This book considers how the benefits of climate change policy can be meaningfully conveyed to policy makers. This publication not only informs adaptation policy but also mitigation policy by helping to assess the trade-offs associated with different global mitigation pathways.The study argues that simple cost-benefit analyses where a single (monetary) measure compared with aggregate costs, may not be adequate on their own to inform policy decisions, especially given the incommensurable nature of benefits.It promotes the use of benefit-cost methods alongside risk-based methods, such as probabilistic approaches, to consider climate change and related impacts across a range of possible futures. A dual approach is required to develop a coherent set of indicators that present a balance of the physical and economic metrics of change. Benefits should be presented in at least two different forms: monetised estimates and physical impact estimates.Some general patterns emerge when looking across the literature on global climate change impacts and the benefits of mitigation policysome sectors, such as agriculture, may experience net positive impacts globally of a small amount of climate changeno research for any sector suggests positive impacts from climate change as temperatures increase beyond certain levelsa consistent pattern of marginal adverse impacts emerges across all sectors for which data were available beyond a 3-4 °C increase in global mean temperature – translating into possible large and positive net benefits to mitigation policies that can limit climate change to this level or possibly below itaccounting for the risks of irreversible, abrupt change is likely to increase the economically “optimal” level of mitigation, calling for more investment in abatement in the near-term.The full volume can be obtained by contacting: [email protected]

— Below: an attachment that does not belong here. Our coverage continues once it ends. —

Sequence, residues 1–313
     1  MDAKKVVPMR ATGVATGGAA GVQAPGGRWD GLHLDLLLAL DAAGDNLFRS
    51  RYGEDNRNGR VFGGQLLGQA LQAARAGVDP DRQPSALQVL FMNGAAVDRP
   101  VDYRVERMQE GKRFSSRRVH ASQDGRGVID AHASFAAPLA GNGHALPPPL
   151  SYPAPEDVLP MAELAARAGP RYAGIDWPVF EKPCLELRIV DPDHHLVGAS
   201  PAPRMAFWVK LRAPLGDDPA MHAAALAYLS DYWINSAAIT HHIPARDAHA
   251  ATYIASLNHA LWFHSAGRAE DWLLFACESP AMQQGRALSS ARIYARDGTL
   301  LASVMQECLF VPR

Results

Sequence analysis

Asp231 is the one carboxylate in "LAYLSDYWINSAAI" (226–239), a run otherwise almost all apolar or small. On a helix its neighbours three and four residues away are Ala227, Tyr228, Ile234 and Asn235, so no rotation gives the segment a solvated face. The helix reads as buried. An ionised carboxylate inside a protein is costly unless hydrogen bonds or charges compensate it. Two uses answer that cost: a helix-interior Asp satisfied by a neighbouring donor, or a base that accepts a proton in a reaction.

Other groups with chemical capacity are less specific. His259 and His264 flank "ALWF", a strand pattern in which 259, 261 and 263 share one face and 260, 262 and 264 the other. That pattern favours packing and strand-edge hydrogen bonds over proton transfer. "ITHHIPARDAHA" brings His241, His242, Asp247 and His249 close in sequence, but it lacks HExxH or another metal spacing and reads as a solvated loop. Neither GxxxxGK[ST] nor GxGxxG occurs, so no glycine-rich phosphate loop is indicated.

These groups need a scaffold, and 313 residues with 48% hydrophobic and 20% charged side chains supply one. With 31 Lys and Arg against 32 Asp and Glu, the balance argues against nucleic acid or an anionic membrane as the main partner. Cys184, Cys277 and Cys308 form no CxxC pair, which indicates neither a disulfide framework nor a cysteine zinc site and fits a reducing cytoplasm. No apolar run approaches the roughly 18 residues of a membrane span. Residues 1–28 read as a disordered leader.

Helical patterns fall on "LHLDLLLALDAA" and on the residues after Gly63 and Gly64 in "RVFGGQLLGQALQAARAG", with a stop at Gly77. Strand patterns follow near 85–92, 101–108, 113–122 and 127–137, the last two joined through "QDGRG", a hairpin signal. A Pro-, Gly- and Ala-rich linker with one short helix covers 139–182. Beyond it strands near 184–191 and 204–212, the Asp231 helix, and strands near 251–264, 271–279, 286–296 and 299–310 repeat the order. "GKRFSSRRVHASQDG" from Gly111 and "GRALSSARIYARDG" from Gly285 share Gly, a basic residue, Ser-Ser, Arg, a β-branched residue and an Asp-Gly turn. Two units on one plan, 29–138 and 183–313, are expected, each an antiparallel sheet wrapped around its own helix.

Publication date
Type of publication
Community based
CTCN Keyword Matches
Climate change monitoring
Pasture management